Agency Level Initiative Type Objective or Action Potential Effect in Nigeria International Atomic Energy


Global Governmental Increase the number

of effective and safe radiotherapy treatment centers available in developing African countries

Increased access to radiotherapy for patients with BC or TNBC

International Academy of Pathologists

Global Health care Educational exchanges on

scientific, technologic, and methodologic advances in pathology practices

Improvement in quality and knowledge of proper pathology practices; more accurate diagnoses and patient record keeping/follow-up

African Organization for Research and Training

Continental Research Established the Cancer Plan for the African Continent (2013-2017) to revamp policy and funding for cancer research, increase public awareness and knowledge of the cancer burden in Africa, advance clinical oncology infrastructure and cancer health systems, and improve cancer prevention and control efforts

Development and improvement of regional infrastructure to support basic and translational BC and TNBC research (into areas like surveillance, genetic testing, decision making, propagation of evidence for intervention, epidemiology, and measurement)

International Agency on Cancer Research

Global Research Promote the development

of cancer registries in multiple countries across Africa

Improved reporting of BC and TNBC trends and patterns

Breast Health Global Initiative Global Health care Revamp health care infrastructure and increase education and awareness of early detection methods and risk factors

Earlier detection of BC and TNBC for timely intervention; improved facilities and treatment

Susan G. Komen for the Cure Global and national NGO Fund international community education and outreach programs; founded the TNBC Foundation

Increased awareness and knowledge of signs and symptoms and risk factors for BC and TNBC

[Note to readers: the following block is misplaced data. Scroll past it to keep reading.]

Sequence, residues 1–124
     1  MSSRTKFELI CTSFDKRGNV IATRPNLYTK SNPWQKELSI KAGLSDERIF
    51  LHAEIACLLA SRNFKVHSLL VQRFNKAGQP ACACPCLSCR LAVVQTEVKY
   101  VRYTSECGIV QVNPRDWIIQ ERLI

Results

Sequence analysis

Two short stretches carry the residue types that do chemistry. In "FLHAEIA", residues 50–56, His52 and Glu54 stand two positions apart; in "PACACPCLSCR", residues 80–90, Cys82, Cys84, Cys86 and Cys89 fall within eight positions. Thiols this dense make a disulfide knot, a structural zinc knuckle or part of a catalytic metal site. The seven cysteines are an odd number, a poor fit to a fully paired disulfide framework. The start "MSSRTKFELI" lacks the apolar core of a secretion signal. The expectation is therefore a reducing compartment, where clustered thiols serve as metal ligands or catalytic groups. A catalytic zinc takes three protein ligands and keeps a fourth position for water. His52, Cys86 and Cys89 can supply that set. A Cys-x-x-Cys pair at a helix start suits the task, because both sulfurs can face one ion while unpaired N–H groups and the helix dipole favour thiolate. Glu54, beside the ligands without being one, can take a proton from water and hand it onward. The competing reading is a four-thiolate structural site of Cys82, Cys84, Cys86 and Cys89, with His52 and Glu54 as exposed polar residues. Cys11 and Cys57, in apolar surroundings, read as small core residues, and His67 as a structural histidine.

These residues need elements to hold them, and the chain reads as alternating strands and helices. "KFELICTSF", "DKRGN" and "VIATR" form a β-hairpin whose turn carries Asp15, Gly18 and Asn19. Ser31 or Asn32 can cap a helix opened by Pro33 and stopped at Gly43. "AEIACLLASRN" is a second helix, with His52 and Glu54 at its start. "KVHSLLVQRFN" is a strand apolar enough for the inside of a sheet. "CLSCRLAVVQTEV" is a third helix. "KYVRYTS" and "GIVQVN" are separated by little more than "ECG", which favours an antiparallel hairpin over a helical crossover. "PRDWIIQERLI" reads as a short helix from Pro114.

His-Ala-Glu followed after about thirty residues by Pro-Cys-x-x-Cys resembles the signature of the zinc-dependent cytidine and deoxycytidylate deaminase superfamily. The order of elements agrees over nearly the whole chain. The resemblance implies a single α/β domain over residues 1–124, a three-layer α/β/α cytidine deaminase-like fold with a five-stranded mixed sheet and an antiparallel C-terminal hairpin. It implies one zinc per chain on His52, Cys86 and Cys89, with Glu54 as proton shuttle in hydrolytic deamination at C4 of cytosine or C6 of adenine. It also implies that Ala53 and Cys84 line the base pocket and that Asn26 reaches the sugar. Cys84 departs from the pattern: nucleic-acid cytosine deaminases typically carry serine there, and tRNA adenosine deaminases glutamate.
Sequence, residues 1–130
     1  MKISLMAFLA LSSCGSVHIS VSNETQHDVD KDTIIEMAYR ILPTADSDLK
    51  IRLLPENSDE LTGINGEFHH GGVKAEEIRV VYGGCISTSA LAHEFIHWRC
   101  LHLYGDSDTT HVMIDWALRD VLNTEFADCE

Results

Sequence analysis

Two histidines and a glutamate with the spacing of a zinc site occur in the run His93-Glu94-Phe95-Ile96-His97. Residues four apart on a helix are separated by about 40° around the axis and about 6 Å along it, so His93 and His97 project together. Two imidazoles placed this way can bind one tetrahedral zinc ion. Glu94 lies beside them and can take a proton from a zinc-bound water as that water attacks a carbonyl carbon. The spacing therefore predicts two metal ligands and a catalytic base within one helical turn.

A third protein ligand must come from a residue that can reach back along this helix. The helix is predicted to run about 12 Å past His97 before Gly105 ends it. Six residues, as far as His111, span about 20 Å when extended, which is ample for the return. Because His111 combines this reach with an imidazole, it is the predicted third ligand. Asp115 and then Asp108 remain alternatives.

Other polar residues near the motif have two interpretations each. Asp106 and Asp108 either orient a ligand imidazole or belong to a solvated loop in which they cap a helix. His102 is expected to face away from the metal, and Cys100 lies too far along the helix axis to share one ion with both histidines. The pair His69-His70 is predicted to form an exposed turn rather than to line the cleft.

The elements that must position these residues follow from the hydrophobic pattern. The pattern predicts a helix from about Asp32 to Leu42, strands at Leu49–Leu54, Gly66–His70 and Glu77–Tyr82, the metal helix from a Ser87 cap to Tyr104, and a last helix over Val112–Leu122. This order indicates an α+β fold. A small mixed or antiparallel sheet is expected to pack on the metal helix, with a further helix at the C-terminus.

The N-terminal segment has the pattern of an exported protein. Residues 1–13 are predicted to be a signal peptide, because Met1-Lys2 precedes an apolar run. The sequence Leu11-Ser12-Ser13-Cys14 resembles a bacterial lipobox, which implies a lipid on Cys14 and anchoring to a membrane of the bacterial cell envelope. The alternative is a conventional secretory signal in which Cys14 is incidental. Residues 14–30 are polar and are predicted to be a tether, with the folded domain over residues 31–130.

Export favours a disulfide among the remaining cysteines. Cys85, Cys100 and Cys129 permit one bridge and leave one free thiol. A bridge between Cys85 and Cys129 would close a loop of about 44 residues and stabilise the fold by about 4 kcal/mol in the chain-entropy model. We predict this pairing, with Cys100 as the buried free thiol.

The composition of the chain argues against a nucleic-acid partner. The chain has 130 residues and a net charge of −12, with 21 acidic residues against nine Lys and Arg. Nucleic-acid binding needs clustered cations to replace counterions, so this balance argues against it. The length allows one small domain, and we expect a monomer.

TNBC Foundation Global NGO Increase awareness of TNBC

and support the discovery of novel treatments for TNBC

Inspire establishment of more TNBC-focused initiatives globally; increase awareness of TNBC and dissemination of TNBC statistics and trends; advocate to increase resource allocation for alleviating burden of TNBC American Cancer Society Global and


NGO Established international

initiatives for cancer control and prevention

Reduce incidence and mortality rates for BC and TNBC (Continued on following page)


Table A1. Initiatives That Aid in Reducing Burden of TNBC in Nigeria (Continued)

Agency Level Initiative Type Objective or Action Potential Effect in Nigeria

WHO Global NGO Collaborate with Susan G.

Komen for the Cure to sponsor lectures and events educating the public on BC and to provide a safe platform for women to have open dialog on the disease

Increased awareness and knowledge of signs, symptoms, and risk factors of BC and TNBC

International Information Service Group

Global NGO Network of 50 organizations

from 30 LMICs, including Nigeria; partnered with several other organizations to increase awareness of cancer prevention worldwide

Increased awareness and knowledge on signs, symptoms, and risk factors of BC and TNBC

Union for International Cancer Control

Global NGO Advocate for worldwide

cancer initiatives by encouraging the inclusion of cancer in the global health agenda and development of global cancer burden initiatives and programs

Increase funding for BC and TNBC research and health care infrastructure

Nigerian Health Insurance Scheme by Decree 35 of 1999

National Governmental Limit the rise in health care costs, ensure health equity among Nigerian citizens, harness private sector cooperation for provision of health care services, and promote adequate distribution of health care facilities across the country

Increase health care coverage for Nigerian citizens

Nigerian Sovereign Investment Authority

National Governmental Establish specialized health care and diagnostic facilities, allocate more public funds to health care, facilitate cooperation between private and federal health care institutions, and improve health care access by boosting the number of primary health care centers

Modernize and expand health care services throughout the private sector; increase availability of specialized and advanced health care services

Nigerian Cancer Society National NGO Support development of

cancer treatment and diagnostic facilities, public education on cancer, and cancer research

Increase BC awareness and discovery of novel treatments

Cancer Organization Public Enlightenment

National NGO Support BC awareness;

provide screening and counseling services

Increased knowledge of signs, symptoms, and risk factors of BC and TNBC and early detection and intervention (Continued on following page)